In Absentia

Dearest Supporters of the (Handmade) Revolution,

I hope you're getting excited for the show this weekend! I know I am, from almost 10,000 miles away. Since I can only be there in spirit, I wanted to share with you a little bit of what I'm up to here on the other side of the world.

As many of you know, for the last few years I've had the privilege to work as a product designer alongside Ember Arts, a fair trade company based in San Diego, California, and Kampala, Uganda. I'm in Kampala right now, about halfway through a four month trip. In addition to the serious work, there are also fantastic things to see and do, such as attending the anual goat races. Yes, it's pretty much exactly like it sounds.

One of the best parts of being here for a longer time has been getting to know the local art scene a bit better, such as recycled materials artist Ruganzu Bruno, who recently won a TEDx City 2.0 prize which has allowed him to build a playground out of recycled materials for children living in a nearby slum. This photo below is of a piece of playground equipment prior to its coat of brightly colored paint. It's made from motorcycle tires. You can also see a bit of the wall behind it, made from water bottles that the children and their parents collected from the gutters and trash heaps around their homes. Recycling and litter are fairly new conversations here in Uganda, and it's exciting to see the community get involved. It has been wonderful to see how public art is really taking root here in Uganda, hoping to inspire and create change.

Most days, though, I'm spending time with the women that are part of our partner co-op, NUPECA. These women are using handmade crafts (paper bead jewelry), to transform their lives and their futures. In the past, the only job that was available to most of them was earning less than a dollar a day, pounding rocks in a rock quarry to make gravel.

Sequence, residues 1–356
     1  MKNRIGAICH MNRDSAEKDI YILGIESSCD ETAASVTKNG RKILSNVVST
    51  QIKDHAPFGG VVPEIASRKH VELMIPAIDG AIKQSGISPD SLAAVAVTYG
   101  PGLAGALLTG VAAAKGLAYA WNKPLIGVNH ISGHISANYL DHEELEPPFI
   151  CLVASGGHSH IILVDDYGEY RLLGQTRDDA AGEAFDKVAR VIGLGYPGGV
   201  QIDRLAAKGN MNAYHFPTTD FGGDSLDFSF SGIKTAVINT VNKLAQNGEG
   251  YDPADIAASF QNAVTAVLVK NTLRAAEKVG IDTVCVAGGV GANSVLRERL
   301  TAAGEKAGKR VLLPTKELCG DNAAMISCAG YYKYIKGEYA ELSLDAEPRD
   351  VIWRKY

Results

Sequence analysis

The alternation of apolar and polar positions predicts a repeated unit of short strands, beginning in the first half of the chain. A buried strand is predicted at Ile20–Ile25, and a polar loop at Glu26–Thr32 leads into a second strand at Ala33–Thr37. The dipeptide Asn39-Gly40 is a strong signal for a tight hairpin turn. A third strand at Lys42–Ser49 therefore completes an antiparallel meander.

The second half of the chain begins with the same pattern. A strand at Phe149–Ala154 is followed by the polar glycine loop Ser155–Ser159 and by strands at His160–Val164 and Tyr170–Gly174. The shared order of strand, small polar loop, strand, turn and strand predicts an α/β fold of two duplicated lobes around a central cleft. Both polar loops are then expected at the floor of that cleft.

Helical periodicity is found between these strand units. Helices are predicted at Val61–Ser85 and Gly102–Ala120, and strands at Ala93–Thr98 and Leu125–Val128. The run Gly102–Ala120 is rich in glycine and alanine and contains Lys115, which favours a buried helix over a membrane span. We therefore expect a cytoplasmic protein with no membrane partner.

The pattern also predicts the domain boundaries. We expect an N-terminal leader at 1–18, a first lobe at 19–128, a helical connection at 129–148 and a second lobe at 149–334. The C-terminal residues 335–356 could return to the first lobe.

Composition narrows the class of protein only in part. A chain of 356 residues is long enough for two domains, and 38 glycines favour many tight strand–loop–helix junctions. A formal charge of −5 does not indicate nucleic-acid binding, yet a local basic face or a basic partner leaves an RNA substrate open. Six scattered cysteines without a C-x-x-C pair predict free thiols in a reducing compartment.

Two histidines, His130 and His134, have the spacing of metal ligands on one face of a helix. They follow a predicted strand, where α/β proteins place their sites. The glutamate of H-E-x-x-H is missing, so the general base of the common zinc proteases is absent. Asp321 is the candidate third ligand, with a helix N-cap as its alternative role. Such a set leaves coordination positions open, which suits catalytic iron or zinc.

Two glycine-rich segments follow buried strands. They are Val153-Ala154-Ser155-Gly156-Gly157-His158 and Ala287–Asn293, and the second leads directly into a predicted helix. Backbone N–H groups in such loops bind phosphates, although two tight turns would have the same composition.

These days, because of their hard work and people like you, who realize that everything we buy comes from somewhere, they get to spend their days making beautiful beads like this: 

Learning about good color combinations like this: 

And pursuing dreams like rebuilding their homes (after a war disrupted their lives), opening salons, starting businesses, and sending their children to school:

Though these worlds may seem strikingly different, it is art and community that connect them. Realize that when you support artists and entrepreneurs anywhere in the world by purchasing their wares, you are making a statement in support of creativity, independence, fair wages, and local economic growth. So enjoy the handmade goodness, tell your friends, and be proud of yourself for being a part of the revolution. 

Also... eat some delicious snacks for me. Especially if there's hummus.


No comments:

Post a Comment